A value based healthcare model strives to improve the quality of the care delivered and demonstrate better client/patient centered health outcomes whilst also lowering healthcare costs. This has the potential to benefit both the providers and healthcare consumers they serve. However, it also represents an entirely new business model for a clinic and their clients as well as the provider team. A new base for payments is the challenging reality in the stressed healthcare system of developed countries. This new approach requires a big shift; transitioning from the traditional fee-for-service system has some challenges. Here, we hope to talk to these transitions and detail some of the key challenges providers are facing as they make that transition. The role of your healthcare IT platform is important; it should in 2017/2018 be an asset and a friend of the clinic in helping to show value based care for clients as well as helping the provider team to meet performance challenges.
The Challenges of Managing Value-Based Payments in A Fee-For-Service Industry
While value-based healthcare payment models are on the rise, the overall healthcare system is still structured around the traditional fee-for-service model. everyone is paid on the number of items/inputs not the outcomes. A transition is happening; we need to work within the existing system, with payers continuing to reimburse healthcare providers on a fee-for-service basis throughout the year, then calculating bonuses and/or penalties for providers at year end. This is how the transition will continue - many newer payment models are being structured - your IT platform is to be maximized to work with what your model of value based care is and its data collected to easily comply with the requirements of value base reporting.
This need to create reports for a system based on value based care payments can be a challenges for clinics and healthcare providers; already busy and time poor; clinical flow of client/patient feedback and outcomes tracking can be a business management and staffing challenge. Clinics and clinicians suddenly have other areas to be recorded as well as the standard processes. And some areas of work for these reports are better done during the year, not waiting till the year-end to assess the value base of the care delivered. Client/Patient feedback and satisfaction as well as client direct input as to their improved health outcomes must be tracked during the year for the year end report. It is important to be actively learning as to how an area of 'performance' measures up under these new payment models. The ultimate reimbursement levels may depend on staying aware throughout the year, making it possible to change course as necessary to meet financial and/or quality performance benchmarks. This means that providers must continually track their own performance in order to accurately anticipate the results of year-end reconciliations, which makes more detailed and sophisticated accounting and data management practices necessary.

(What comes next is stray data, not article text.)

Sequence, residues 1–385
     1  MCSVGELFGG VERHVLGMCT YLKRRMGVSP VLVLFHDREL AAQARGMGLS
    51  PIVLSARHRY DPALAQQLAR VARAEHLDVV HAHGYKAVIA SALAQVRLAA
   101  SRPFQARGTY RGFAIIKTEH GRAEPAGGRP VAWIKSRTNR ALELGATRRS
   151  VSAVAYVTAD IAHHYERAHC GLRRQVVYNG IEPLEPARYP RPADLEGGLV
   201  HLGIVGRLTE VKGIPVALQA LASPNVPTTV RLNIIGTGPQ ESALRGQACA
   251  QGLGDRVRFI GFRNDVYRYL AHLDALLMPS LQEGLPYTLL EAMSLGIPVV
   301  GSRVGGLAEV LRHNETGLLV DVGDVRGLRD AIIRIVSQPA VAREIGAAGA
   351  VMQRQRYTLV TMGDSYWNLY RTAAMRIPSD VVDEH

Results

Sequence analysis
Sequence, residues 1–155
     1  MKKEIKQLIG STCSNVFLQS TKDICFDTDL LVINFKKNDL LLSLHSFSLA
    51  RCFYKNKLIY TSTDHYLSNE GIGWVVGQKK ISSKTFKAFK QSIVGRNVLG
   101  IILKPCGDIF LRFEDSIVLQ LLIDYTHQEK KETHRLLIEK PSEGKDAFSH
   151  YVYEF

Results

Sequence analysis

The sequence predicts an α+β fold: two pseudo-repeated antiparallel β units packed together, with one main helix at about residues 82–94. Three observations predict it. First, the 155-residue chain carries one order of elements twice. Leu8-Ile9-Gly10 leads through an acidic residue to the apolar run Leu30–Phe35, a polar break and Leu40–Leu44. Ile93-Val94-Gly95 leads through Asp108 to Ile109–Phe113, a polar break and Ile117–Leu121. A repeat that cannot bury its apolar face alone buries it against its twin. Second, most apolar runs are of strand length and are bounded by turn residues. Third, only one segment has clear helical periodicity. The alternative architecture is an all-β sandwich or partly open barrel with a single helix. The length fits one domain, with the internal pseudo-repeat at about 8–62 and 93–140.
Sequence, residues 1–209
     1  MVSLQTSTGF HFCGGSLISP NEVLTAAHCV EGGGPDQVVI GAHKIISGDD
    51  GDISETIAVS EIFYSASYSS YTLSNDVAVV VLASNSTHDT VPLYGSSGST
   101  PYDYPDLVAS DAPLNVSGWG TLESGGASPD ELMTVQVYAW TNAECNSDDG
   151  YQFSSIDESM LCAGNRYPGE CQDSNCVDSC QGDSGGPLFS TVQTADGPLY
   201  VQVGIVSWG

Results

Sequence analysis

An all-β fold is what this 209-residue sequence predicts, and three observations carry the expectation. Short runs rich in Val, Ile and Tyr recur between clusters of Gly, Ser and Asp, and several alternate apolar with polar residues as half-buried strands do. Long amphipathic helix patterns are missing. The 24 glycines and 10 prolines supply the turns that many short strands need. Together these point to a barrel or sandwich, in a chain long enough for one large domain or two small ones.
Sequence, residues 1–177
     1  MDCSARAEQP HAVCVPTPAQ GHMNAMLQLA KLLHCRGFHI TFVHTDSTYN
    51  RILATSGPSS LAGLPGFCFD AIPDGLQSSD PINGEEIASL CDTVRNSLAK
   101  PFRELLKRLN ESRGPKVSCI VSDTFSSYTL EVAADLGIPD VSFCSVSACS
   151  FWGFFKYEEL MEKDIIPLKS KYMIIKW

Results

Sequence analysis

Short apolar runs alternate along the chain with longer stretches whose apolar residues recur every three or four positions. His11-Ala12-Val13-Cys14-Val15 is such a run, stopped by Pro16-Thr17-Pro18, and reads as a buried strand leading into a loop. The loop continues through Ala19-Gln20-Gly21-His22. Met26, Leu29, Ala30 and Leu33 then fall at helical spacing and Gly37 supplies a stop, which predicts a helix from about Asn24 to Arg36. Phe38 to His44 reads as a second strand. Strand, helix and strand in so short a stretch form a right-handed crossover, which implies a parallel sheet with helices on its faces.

Costs must be precisely tracked for each patient served under value-based healthcare payment agreements. Costs are compared to financial performance benchmarks to ensure that performance goals are met. Quality measures must also be tracked precisely to ensure the clinic and clinicians meet or exceed benchmarks. Further complicating things is the fact that those goals typically vary between differing payment models, as well as from one specified patient population to another under the same payment models. Additionally, under bundled payment arrangements, providers must make themselves accountable for tracking cost and quality data of each healthcare consumer across the entire continuum of care; keeping track of factors - whether primary care responsibility rests with other healthcare providers along that care continuum they are able to produce a report as to the value base of the care provided.
How Better Healthcare Information Technology Can Help
Many Healthcare IT systems in use today simply are not equipped to handle these new data-intensive demands. And most Healthcare IT systems were designed for the traditional fee-for-service healthcare model or for a series of inputs around the processes of billing. Many of them are poorly integrated to accommodate the new level of data required across , made up of diverse software solutions that do not always play nicely with one another, making it more difficult than it should be to pull all relevant data together for the accurate tracking/analysis needed today.
To achieve the level of comprehensive, in-depth data collection, tracking and analysis it takes a comprehensive, single-platform system built specifically for this new approach within the current healthcare system. It must be designed to accommodate a full range of payment models and practice styles, provide efficient end-to-end software solutions for all medical and non-medical practice needs, and seamlessly connect providers, healthcare consumers and payers. Finally, data is ideally collected by a single database, across all these areas, creating the capability for instant access to and analysis of data from all sources.
A system with these advanced capabilities is essential infrastructure in today's healthcare market, providing the flexibility and functionality providers need to meet the challenges they face today in transitioning to value-based care -- as well as whatever comes next in the continuing evolution of the healthcare industry.